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You are here : 3-RX.com > Medical Encyclopedia > Special Topics > Thumb Sucking
      Category : Health Centers > Children's Health

Thumb Sucking

Alternate Names : Finger Sucking

Sucking on the thumb or other fingers is a normal activity in children. Infants and young children often suck their thumb or fingers to console themselves.

What is the information for this topic?

Children suck on their thumbs or fingers for different reasons and at different times. Thumb sucking may occur when children are ill, upset, about to fall asleep, or being quiet. It is also a way for them to cope with bedtime and other stressful events.

Infants who suck their hand or thumb during the first 3 months of life seem to cry less than infants who don't. Also, allowing infants to suck during a painful procedure seems to reduce the signs of pain.

Thumb and finger sucking usually appear in the first several months of life. Thumb sucking peaks when children are 2 1/2 to 3 years old. At least 50% of children in the US suck their thumb or fingers during infancy. Almost 30% of American children suck their thumbs at the time of their third birthday. Most children have quit on their own by the time they are 4 or 5 years old.

The main concern over thumb sucking is dental problems. Children who stop sucking their thumbs by age 5 usually will not have dental problems. But the facial structures and the teeth develop rapidly between the ages of 4 and 14. Children who suck their thumbs or fingers after age 5 can cause problems in these structures. Problems may include:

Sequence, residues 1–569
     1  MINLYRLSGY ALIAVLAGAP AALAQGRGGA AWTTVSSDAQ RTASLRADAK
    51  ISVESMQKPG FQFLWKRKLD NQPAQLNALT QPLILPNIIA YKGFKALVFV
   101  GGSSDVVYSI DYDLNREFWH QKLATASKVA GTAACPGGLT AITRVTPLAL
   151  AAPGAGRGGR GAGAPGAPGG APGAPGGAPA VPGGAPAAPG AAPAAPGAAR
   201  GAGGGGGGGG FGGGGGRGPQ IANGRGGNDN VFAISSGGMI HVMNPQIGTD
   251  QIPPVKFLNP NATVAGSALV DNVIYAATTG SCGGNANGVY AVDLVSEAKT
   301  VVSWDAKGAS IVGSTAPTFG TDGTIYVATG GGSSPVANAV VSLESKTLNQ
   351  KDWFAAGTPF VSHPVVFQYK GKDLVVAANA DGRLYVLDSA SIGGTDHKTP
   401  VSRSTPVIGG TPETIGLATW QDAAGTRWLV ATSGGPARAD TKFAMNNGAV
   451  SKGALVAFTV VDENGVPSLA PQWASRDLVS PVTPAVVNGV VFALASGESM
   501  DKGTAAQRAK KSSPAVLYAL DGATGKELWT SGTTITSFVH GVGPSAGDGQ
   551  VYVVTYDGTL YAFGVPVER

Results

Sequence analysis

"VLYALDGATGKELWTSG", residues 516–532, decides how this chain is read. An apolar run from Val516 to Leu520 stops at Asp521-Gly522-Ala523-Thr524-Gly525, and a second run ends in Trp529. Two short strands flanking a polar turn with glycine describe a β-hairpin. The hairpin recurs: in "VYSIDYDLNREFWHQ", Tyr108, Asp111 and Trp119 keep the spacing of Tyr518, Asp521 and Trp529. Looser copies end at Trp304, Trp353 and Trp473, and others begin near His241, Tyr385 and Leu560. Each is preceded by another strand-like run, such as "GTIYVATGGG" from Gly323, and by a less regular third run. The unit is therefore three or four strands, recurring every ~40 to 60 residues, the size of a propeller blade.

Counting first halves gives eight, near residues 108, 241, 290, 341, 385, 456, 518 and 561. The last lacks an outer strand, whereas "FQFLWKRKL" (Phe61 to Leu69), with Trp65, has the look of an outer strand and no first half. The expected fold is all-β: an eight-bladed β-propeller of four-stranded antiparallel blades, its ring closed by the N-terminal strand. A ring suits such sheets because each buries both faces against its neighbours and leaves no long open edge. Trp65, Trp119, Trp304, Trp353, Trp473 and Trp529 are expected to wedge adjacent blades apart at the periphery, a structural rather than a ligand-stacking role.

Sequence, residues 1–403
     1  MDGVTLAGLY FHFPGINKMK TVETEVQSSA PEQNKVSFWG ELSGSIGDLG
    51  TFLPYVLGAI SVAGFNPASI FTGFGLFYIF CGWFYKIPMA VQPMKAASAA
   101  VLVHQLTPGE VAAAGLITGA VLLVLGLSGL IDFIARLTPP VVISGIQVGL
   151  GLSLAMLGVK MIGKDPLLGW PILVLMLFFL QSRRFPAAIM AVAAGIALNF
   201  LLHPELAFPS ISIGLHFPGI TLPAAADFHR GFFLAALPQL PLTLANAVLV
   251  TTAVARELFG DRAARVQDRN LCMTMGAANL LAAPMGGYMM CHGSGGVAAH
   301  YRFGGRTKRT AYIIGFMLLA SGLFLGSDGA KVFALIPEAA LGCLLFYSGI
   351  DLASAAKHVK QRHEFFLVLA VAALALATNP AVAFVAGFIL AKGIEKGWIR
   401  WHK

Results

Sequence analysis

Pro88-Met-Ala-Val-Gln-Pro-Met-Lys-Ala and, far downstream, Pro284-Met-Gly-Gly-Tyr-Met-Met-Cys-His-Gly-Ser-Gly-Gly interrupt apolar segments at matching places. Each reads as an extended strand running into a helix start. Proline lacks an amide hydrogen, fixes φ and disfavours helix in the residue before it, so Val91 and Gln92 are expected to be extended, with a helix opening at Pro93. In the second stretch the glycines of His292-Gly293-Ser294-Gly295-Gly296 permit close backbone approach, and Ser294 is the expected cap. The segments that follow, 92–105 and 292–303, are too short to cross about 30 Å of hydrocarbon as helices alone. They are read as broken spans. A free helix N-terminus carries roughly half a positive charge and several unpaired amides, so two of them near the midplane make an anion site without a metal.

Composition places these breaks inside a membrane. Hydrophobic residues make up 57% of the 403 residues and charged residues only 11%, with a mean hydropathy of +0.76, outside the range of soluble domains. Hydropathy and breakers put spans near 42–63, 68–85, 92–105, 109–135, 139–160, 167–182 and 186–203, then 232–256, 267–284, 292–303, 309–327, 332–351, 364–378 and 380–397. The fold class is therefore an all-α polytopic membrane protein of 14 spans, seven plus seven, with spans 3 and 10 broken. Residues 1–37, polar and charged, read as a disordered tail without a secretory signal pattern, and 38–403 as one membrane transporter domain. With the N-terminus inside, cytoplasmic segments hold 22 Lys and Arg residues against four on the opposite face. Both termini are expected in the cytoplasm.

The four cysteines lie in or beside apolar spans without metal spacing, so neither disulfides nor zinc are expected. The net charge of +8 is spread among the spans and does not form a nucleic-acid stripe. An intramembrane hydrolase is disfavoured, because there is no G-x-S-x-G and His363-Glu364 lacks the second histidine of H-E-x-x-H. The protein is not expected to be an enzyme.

• poor alignment of the teeth
  • abnormal swallowing with tongue thrusting
  • distortion of facial features
  • speech disorders, especially when pronouncing the letters "d" and "t," and a lisp
  • Thumb sucking should be seen as a normal part of infancy and young childhood. Caregivers should not put bitter substances on the thumb or pin the hands in a sleeve or mitten. Scolding or punishing a child for thumb sucking is usually not helpful. This may only bring about a struggle with the child over who controls his or her body. Scolding may even serve to reinforce and prolong the habit. Ignoring a child's thumb sucking is advised by most experts.

    Children who suck their thumbs regularly beyond age 3 need to be seen by a dentist. This will help determine if treatment is needed. Treatment usually includes the use of appliances that are put in the mouth. These appliances help correct the poor alignment of the teeth and break the sucking habit. Sometimes the dentist can stop the habit just by talking to the child about the problems with thumb sucking.

    Author: John Wegmann, MD
    Reviewer: Adam Brochert, MD
    Date Reviewed: 08/09/01

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